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Stars Shining On Global Warming

November 7, 2008

Turning the silver screen “green” is tough in Hollywood – a place known for huge budgets and extravagant productions.

Now Hollywood has lent its star power to the fight of environmentalism. Famous movie stars such as Leonardo DiCaprio and Robert Redford are popular environmentalists.

Plus, Al Gore’s 2006 Oscar-winning “An Inconvenient Truth,” is widely credited for making global warming more mainstream.

The movie industry is working to cut back the environmental harm caused by its big, but largely temporary, film and TV shoots.

“While celebrities have long been environmental activists, studios and production companies have been cautious about adopting the green philosophy as it applies to their business operations,” says Zahava Stroud, of iHollywood Forum, which will host a “Hollywood Goes Green” conference next month.

To make businesses more “green friendly”, many studios have staff focused on reducing their carbon footprints. Many have also offered employee incentives to buy hybrid cars.

The biggest setback is reducing the excesses of large-scale productions.

“While there’s been a lot of greening of studio lots, what still needs to be focused on is the actual production process, in terms of fuel consumption, energy efficiency, waste generation and food sourcing,” said Lauren Selman, chief executive of Reel Green Media, a consultant that helps movie sets incorporate environmental practices.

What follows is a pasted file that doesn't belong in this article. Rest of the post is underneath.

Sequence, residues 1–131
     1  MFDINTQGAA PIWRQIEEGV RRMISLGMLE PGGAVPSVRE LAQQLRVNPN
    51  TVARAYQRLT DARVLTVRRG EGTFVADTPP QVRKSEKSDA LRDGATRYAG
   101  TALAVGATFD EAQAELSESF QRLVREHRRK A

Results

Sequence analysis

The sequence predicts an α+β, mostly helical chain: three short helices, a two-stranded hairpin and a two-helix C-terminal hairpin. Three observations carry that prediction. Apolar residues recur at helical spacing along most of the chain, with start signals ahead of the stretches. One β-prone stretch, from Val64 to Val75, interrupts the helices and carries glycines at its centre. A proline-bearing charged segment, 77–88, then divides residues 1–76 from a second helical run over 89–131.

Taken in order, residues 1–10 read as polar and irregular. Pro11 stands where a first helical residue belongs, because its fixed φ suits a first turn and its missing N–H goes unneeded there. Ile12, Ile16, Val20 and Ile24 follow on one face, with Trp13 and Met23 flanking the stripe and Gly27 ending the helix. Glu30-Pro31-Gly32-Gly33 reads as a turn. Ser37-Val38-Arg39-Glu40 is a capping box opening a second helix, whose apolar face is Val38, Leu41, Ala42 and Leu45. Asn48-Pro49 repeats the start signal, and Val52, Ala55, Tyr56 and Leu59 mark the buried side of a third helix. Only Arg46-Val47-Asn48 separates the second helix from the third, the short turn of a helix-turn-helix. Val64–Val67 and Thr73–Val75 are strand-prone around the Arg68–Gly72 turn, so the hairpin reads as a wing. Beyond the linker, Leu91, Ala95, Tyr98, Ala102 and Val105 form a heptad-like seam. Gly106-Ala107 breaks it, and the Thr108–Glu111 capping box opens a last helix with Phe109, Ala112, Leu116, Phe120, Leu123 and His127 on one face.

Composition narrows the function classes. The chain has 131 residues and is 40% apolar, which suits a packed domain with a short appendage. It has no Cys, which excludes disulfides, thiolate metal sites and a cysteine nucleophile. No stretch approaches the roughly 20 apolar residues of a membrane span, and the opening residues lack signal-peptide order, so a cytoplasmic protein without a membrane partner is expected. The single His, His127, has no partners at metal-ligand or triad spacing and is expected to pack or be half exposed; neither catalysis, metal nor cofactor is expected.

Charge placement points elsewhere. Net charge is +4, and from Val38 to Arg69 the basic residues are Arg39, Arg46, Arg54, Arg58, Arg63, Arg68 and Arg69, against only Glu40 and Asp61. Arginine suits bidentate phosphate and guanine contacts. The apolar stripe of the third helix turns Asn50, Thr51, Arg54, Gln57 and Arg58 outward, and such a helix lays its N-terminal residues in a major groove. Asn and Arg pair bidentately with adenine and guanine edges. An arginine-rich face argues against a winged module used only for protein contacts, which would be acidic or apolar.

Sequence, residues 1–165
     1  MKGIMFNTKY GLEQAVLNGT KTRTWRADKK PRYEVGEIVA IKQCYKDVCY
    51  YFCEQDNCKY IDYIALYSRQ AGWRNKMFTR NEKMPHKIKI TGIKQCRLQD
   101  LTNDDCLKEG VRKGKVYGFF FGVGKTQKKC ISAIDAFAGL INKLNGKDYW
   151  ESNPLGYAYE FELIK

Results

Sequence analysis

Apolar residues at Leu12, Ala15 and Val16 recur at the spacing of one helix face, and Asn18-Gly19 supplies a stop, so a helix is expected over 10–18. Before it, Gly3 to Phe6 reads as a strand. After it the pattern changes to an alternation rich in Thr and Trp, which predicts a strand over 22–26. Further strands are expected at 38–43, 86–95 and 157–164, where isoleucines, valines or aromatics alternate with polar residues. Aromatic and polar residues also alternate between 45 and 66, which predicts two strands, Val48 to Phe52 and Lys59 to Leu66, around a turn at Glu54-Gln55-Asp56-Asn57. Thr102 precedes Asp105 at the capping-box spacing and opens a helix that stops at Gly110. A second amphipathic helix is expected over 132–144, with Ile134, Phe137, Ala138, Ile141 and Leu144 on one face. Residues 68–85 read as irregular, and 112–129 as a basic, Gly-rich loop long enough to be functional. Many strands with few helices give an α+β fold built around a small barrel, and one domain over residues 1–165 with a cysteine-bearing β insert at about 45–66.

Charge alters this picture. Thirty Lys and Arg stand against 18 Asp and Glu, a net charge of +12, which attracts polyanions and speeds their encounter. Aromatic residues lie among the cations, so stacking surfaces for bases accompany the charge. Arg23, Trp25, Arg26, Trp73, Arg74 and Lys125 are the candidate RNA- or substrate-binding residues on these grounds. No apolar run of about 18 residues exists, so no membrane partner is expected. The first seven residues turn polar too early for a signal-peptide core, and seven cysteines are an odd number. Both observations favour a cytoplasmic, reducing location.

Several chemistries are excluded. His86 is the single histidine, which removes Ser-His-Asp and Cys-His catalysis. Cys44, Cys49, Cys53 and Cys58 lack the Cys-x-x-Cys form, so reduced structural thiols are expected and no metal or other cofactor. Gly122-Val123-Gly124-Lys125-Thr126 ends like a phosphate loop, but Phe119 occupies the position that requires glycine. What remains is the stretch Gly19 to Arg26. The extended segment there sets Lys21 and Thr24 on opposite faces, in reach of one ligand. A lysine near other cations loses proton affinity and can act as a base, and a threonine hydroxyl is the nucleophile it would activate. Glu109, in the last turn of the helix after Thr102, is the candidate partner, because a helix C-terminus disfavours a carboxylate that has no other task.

Some say the widespread use of fuel and diesel engines on shoot locations are a huge problem.

“Consider how much fuel we use. Generators, night shoots, ‘distant locations,’ trucks per shoot, idling trucks, moving cranes, moving everything, people, wardrobe, grip equipment, out to the set and back, move locations, fly crews and helicopters,” film and TV producer Judith James wrote in Traction, an online publication for women in Hollywood.

Studio executives say they share James’ point of view.

“There’s no question that shooting on location uses a lot of energy, and we’re looking at ways to reduce our impact… running tests with biodiesel fuel and solar energy to power our production equipment, and exploring new technologies such as more efficient LED lighting and using digital cameras,” said Jim Kennedy, a spokesman at Sony Pictures, a unit of Sony Corp.

“The infrastructure within the studio is much more conducive to green guidelines, but once production goes on location it gets more difficult,” said Shelley Billik, vice president of environmental initiatives for Time Warner Inc’s Warner Bros.

Experts say movie studios have made big green strides towards reducing their carbon footprint.

The Motion Picture Association of America reports News Corp’s 20th Century Fox, General Electric Co’s NBC Universal, Viacom Inc’s Paramount, Sony Pictures, Walt Disney Co, Warner Bros. and the West Coast broadcast and production arms of Disney’s ABC and CBS Corp collectively diverted 20,862 tons of studio sets and other solid waste from landfills to reuse and recycle in 2007.

The MPAA said because of that move, studios prevented the emission of 65,497 metric tons of greenhouse gasses that is the annual equivalent of removing 14,176 cars from the road.

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